On the Cross-Sectional Relation between Expected Returns, Betas, and Size
Pages: 773-789 | Published: 4/1999 | DOI: 10.1111/0022-1082.00125 | Cited by: 13
Robert R. Grauer
In this paper, I set up scenarios where the mean‐variance capital asset pricing model is true and where it is false. Then I investigate whether the coefficients from regressions of population expected excess returns on population betas, and expected excess returns on betas and size, allow us to distinguish between the scenarios. I show that the coefficients from either ordinary least squares or generalized least squares regressions do not allow us to tell whether the model is true or false.
How Are Derivatives Used? Evidence from the Mutual Fund Industry
Pages: 791-816 | Published: 4/1999 | DOI: 10.1111/0022-1082.00126 | Cited by: 268
Jennifer Lynch Koski, Jeffrey Pontiff
We investigate investment managers' use of derivatives by comparing return distributions for equity mutual funds that use and do not use derivatives. In contrast to public perception, derivative users have risk exposure and return performance that are similar to nonusers. We also analyze changes in fund risk in response to prior fund performance. Changes in risk are substantially less severe for funds using derivatives, consistent with the explanation that managers use derivatives to reduce the impact of performance on risk. We provide new evidence regarding the implications of cash flows and managerial gaming for the relation between performance and risk.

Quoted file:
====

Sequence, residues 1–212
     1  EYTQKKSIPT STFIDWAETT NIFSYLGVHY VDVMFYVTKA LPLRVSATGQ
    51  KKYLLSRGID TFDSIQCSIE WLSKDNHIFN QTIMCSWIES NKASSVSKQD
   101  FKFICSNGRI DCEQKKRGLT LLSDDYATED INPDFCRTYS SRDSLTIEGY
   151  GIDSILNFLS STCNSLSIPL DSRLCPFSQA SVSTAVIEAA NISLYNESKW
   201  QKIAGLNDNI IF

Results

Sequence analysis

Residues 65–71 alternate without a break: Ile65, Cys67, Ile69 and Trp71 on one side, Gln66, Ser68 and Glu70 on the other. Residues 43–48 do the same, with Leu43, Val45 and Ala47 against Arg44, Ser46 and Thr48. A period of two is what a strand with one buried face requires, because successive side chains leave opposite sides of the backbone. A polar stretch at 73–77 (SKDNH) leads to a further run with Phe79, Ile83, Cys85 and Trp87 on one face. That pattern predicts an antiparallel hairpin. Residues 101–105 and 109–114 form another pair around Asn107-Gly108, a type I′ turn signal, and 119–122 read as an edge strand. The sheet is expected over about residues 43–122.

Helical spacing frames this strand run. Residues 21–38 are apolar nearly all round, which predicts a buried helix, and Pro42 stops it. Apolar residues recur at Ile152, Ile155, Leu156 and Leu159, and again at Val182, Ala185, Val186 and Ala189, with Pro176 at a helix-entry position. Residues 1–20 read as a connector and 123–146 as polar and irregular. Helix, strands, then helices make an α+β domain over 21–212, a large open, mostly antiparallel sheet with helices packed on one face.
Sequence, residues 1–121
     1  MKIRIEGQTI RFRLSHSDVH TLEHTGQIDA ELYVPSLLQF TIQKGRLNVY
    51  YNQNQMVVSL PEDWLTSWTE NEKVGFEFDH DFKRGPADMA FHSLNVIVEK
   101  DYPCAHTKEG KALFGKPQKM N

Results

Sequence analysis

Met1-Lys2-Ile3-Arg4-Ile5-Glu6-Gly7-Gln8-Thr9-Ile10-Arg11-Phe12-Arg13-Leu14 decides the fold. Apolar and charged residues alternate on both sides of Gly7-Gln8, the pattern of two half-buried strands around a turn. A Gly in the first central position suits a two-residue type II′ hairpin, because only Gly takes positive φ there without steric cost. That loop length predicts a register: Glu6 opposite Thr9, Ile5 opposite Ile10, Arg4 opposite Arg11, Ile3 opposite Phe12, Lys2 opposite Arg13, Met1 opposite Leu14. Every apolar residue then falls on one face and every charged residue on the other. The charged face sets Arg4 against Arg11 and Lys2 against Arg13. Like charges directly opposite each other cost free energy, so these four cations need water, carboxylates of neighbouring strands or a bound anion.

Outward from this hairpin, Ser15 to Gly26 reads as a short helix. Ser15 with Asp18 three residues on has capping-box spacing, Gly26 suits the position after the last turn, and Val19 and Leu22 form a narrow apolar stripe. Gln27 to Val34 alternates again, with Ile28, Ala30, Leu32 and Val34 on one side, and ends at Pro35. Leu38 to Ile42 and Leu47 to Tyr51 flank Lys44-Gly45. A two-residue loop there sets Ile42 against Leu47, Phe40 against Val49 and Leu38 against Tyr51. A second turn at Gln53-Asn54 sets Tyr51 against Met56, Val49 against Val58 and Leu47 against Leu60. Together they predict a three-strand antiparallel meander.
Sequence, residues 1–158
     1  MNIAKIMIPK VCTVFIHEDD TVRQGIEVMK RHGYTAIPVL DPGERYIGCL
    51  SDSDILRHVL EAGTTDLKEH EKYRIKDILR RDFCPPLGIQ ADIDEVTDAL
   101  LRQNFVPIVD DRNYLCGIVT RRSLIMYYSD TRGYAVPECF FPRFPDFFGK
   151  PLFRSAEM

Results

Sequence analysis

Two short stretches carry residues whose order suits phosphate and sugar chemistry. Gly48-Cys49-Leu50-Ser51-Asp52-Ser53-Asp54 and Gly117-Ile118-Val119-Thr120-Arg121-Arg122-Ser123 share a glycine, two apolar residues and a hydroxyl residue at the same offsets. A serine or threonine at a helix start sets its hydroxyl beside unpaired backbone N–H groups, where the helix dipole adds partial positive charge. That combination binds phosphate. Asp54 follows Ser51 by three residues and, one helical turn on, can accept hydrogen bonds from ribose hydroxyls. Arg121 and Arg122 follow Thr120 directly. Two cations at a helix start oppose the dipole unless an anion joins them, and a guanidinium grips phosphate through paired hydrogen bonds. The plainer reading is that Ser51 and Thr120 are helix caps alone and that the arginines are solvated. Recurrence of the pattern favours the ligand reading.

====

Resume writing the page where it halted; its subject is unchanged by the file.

Pages: 817-823 | Published: 4/1999 | DOI: 10.1111/0022-1082.00127 | Cited by: 0
Stewart Mayhew, Frank Packer
Pages: 825-831 | Published: 4/1999 | DOI: 10.1111/0022-1082.00128 | Cited by: 0
Articles Accepted for Publication in June 1999 issue